3.0 out of 5 stars, Good Story, by George Strampher (Pacific Northwest, USA)

The author gets more into everyday life details, and Army life in general. A good book for anyone curious about the Vietnam War.

MY RESPONSE TO GEORGE STRAMPHER:

George, thank you for taking the time to read my book and for your review. I would like to make a minor correction, however. In your review you say, "...and Army life in general..." It should say, "...and MARINE life in general..." I was in the Marines and not the Army. David W. Mulldune


5.0 out of 5 stars, The Mailman Went UA, by Shaon

This was a 5 star read for me. From the moment I started reading I had a difficult time putting my E-reader down. War or conflict is never popular or wanted but I've always felt the Veterans of the Vietnam Era received less respect than all the others. If I could encourage you to read this I hope you will have a new found respect for the ones that were there and what they endured.

David THANK YOU for your service and sacrifice. THANK YOU for being the brave despite the fear. THANK YOU for being strong enough to relive the awful things you lived through to share with us. THANK YOU for fighting and not giving up. THANK YOU a Hero and United States Marine. WELCOME HOME!~ Sharon, Orange Park, Florida

3.0 out of 5 stars, A combat soldiers memoir, by Capt. Bob (Rio Vista, CA)

This book represents an average soldiers Vietnam experience albeit one who saw a bit more combat than some. The tedious nature of one's 365 days in-country is revealed and the capricious nature of our military activities is revealed from the soldier at the tip of the spear. Having known many combat veterans of this war, I found this book very much a tale of typical experiences.


5.0 out of 5 stars, Maybe not, by J. Mankowski (Portland, Oregon)
 

Well for two bucks I went ahead and bought this book. Given I have lived the Vietnam combat vet ever so briefly there are moments when I want to hear another Marine’s story. But maybe not. Why would I consciously want to be reminded of that brief yet ugly period of my past? We'll see I guess. I just don’t know.


5.0 out of 5 stars, by Roger Olson, Editor

The description of a troubled teen and the description of the secret, savage boot camp training were very vivid. I think you captured the desperation of a young man who was losing his way, and you presented both the hickory stick toughness of the training and gradual emergence of your appreciation for the drill instructors.

I’ve seen countless coming-of-age films, for example, and your book is right there with the best of them in presenting that feeling of wanting to belong and not quite knowing how. I’ve also seen many films about military training, and not one of them gives a view as starkly truthful as yours.


4.0 out of 5 stars, good reading, by Robert Stuverud (Seattle, Washington USA)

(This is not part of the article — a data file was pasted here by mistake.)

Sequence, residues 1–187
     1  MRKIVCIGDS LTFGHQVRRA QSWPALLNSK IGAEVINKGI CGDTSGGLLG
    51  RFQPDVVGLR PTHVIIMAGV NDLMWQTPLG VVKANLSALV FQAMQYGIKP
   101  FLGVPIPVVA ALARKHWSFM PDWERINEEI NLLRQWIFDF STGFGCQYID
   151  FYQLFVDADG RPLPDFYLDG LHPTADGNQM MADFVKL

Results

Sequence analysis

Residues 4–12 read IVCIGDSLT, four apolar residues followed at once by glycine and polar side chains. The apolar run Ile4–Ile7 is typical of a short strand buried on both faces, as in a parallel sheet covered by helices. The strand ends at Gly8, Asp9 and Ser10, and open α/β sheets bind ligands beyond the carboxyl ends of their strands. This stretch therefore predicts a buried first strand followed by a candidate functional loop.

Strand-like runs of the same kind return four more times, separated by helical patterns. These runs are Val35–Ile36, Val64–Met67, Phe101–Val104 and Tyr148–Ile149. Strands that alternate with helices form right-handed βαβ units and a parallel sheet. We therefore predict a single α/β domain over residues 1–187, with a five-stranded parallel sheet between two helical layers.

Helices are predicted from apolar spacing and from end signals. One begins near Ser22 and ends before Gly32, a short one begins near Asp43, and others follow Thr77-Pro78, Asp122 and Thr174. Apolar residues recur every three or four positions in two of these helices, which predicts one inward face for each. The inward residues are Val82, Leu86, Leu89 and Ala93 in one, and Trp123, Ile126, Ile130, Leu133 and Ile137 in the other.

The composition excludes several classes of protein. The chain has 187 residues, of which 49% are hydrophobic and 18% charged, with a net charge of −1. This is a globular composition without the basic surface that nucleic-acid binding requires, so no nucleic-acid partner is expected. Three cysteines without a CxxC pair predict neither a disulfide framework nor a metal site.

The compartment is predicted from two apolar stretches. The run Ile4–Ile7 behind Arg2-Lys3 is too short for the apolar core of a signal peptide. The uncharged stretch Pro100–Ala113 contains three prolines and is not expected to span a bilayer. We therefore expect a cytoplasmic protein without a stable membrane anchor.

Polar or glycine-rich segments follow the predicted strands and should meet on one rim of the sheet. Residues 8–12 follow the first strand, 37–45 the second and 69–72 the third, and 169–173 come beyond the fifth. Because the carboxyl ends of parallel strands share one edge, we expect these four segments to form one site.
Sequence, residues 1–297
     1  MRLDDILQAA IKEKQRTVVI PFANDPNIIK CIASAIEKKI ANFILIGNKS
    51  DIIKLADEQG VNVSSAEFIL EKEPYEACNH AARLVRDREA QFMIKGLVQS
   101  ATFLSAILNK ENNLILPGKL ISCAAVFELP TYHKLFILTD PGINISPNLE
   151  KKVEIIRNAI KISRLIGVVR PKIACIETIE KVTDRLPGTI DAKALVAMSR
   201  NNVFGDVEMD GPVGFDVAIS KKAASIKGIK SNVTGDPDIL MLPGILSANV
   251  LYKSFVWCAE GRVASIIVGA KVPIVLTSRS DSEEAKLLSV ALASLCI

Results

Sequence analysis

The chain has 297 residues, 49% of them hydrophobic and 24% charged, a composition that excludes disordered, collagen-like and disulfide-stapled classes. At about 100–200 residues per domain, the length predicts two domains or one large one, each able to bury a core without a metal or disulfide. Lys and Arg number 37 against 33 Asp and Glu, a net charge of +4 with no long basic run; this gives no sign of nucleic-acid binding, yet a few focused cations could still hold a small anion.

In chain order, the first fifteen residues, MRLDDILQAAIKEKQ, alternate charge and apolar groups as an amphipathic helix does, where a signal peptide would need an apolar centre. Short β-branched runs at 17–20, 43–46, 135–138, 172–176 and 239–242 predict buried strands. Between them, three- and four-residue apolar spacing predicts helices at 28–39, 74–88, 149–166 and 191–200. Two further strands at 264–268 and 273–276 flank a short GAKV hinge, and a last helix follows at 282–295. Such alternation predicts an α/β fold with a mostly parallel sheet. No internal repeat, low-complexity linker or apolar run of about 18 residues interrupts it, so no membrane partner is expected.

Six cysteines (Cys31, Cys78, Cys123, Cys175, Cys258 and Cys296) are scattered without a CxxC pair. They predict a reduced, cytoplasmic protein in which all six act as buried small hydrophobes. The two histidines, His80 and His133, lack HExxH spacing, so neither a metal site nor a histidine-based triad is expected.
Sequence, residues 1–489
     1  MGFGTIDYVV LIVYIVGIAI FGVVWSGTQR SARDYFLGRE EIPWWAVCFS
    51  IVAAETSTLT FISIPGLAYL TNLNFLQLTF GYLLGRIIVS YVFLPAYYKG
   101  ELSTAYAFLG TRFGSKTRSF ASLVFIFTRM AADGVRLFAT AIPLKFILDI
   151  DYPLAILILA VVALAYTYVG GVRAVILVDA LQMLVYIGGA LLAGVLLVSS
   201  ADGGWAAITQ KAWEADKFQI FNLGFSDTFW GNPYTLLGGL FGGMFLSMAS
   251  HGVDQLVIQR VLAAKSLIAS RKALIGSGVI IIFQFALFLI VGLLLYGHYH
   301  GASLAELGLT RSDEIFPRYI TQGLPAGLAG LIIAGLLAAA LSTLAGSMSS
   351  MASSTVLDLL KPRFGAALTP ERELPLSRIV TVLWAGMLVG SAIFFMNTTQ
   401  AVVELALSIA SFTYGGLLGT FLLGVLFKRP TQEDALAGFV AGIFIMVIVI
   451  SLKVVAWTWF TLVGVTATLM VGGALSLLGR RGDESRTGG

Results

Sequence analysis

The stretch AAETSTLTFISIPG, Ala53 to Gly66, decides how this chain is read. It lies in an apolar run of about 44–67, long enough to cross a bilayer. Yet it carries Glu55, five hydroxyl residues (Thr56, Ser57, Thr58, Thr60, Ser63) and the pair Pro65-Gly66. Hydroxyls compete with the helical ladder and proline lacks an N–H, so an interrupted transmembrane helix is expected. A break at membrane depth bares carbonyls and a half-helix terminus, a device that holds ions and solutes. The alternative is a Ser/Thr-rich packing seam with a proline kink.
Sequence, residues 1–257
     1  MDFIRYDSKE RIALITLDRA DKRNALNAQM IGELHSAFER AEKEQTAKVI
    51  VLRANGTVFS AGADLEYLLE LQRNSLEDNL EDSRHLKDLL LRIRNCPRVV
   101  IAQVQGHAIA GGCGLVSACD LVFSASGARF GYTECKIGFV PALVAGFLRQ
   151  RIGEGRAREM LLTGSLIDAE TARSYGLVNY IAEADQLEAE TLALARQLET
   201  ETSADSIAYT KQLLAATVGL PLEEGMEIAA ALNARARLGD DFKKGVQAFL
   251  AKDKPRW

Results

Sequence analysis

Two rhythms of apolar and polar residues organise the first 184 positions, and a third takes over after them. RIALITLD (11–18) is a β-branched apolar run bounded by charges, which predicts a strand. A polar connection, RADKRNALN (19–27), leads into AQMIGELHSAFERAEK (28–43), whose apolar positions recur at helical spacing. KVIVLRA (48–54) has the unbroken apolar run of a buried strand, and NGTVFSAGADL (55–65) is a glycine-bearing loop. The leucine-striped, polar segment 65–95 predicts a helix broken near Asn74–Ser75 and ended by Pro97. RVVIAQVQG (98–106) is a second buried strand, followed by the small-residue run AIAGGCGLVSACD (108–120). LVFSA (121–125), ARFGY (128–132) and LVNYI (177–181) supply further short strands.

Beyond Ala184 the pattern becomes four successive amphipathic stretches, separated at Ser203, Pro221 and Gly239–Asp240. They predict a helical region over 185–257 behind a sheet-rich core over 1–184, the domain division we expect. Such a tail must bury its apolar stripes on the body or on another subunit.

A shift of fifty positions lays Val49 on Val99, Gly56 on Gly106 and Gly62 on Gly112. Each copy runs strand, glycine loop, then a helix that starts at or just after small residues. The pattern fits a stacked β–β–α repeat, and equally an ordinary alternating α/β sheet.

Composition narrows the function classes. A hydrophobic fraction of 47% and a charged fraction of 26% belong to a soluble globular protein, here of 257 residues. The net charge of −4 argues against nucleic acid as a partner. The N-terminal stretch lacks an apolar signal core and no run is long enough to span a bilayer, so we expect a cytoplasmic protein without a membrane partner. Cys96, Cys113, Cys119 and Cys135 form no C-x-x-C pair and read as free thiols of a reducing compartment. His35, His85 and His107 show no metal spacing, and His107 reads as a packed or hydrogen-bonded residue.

Real life writing. The language was pretty coarse but that's real life in those circumstances. The price was right for what I got.


5.0 out of 5 stars, A Different Perspective, by Ron Linsmeyer 

This is the first war book I've read where the author attempts to tell the story from the mindset he had as he was going through the experience. While it may be "rough" at times, the honesty made it a compelling read.


4.0 out of 5 stars, The Mailman Went UA, by Steve P

I have read a good number of books from men who served during the war. This one was not as bloody due to the author’s job while stationed in Viet Nam. Not to say he wasn’t in harms way, he just wasn’t in a line company beating down the bushes. That is what made this interesting for me, since it was from a different perspective.

MY RESPONSE TO STEVE P:

Steve, thank you for taking the time to read and review my book, however, I'm not sure that you are reviewing the right book. I have my Combat Action Ribbon, Presidential Unit Commendation, Meritorious Unit Commendation Ribbon w/3B*, Vietnam Service Medal w/4B*, Republic of Vietnam Meritorious Unit Citation (Gallantry Cross Medal Color w/Palm), Republic of Vietnam Meritorious Unit Citation (Civil Actions Medal, 1st Class Color w/Palm), Vietnam Campaign Medal w/Device and the National Defense Service Medal. If you will take another look you can see that my book was bloody (unfortunately). I was in a line company both as a "regular" grunt and as a section leader in weapons platoon "beating down the bushes" both with India 3/27th Marines and Mike 3/7th Marines and our TAOR's (Tactical Area of Responsibility) were Free Fire Zones.


4.0 out of 5 stars, Good read written in everyday street language, by Mike Mike "MikeMike"(USA)

I was what the author calls an Army pogue in Vietnam. His telling of a Marine’s experiences have some similarities to my own. But he also tells of many things thankfully I never had to experience.

Good read for anyone wanting to get a feel for what a combat Marine in Vietnam went through. Though anyone who was not there, can only imagine.


5.0 out of 5 stars, Well Done, by Yorktown Sailor

A well-written book about how it really was over there. My dad was a helicopter pilot in Vietnam about the same time frame. He doesn't talk about his time there, even though it was almost 50 years ago. I only served for 22 years before being retired with disability. Both of my brothers are still serving and have over 20 years each.

5.0 out of 5 stars, Raw and real, by K. Sedar (REAL NAME) 

Excellent read, though not for the faint of heart. The way it was written was raw and nothing was held back - he tells it like it was and doesn't sugar coat anything and I appreciate this style of writing.

5.0 out of 5 stars, great book, by Harold M.

Having been there, my only issue with this book was his view of the Army vets. He never mentions the fact the US Army are the ones who had to bail them out a lot and the fact we had more MIA's and KIA's than the jarheads. Other than that it was good.